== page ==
FTV Capital, a growth equity firm specializing in FinTech and enterprise technology, recently closed on its 11th investment in 2020 — marking a firm record on an annual basis. PE Hub (virtually) sat down with Brad Bernstein, managing partner, to discuss FTV’s approach to investing through covid, the firm’s DNA of backing bootstrap businesses, and its evolution from venture capital to growth equity.
How has FTV evolved in recent years?
The very early days of FTV we were a little more venture-focused because the first fund was $200 million — back at the time of the internet boom. But what we’ve realized is that our network and our value proposition is best at helping companies that are already proven.
If we find a company that’s already convinced Wells Fargo or Bank of America that they are the best solution — we can go to our “friends” at those firms and validate their story and validate their value proposition. What we’ve realized is: we’re less differentiated at figuring out whether the idea is a good idea. We’re better at taking something that’s working and expanding that.
We really think that we’ve been able to distinguish ourselves by benefits of our model of getting those slightly more mature companies — where they are more durable, they can survive the financial crisis, they can survive the pandemic, but they can also generate high growth.
Our average portfolio company is growing across all the funds right now at around 40 percent a year over the last three years. So, obviously, this is going to generate results for our investors.
Have you gone up in check size as FTV has continued to raise larger funds?
If you think about the average portfolio of 15 to 20 companies per fund, what you’ll find is that we went from $40 million per average check to $50 million per check to $60 million per average check. It’s pretty reasonable, especially as valuations are increasing generally as well. The idea here is to always stay below $100 million, to really stay in this market where proprietary deals can be identified, where you can build relationships with a management team overtime.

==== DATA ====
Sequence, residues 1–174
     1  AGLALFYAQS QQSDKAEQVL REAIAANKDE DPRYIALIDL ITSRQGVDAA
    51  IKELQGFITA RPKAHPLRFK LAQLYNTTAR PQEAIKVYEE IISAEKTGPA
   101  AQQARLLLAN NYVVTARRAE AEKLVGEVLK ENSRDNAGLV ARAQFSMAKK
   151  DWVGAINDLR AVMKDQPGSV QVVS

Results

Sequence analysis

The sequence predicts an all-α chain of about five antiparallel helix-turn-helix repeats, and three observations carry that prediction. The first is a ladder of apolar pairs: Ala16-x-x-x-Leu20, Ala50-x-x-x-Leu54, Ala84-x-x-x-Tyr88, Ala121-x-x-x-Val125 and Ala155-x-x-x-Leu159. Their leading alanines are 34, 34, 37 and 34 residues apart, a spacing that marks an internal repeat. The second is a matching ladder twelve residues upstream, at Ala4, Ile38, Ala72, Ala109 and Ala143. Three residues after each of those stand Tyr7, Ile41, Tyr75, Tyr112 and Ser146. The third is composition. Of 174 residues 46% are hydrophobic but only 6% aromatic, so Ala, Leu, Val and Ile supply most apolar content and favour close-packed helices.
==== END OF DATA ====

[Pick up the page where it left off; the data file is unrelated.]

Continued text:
How does FTV differentiate through its sourcing strategy?
FTV was founded on the idea of investing in the intersection of financial services and technology innovation with a network of strategic advisors, which initially were our investors. Over time we evolved it into a very rich network that we call our Global Partner Network. That network has informed our business model. We are trying to listen to that network as to where their pain points are, where the opportunities are, what do they need, and then go out and find companies that are innovating, that are adding value, that could be relevant.
Over time we’ve built a sourcing engine, which obviously includes a lot of people. But we’ve built a proprietary technology platform and have been able to extract a wide range of datasets that we integrate into our CRM, into our software, so we can track the progression of every company in our universe and really make sure we’re touching on all companies that are emerging. So each year we are touching around 9,000 companies to look at 400 to 500 deals a year to find the best five to 10 deals that we’re going to do. And that whole system is another key element of how we do what we do.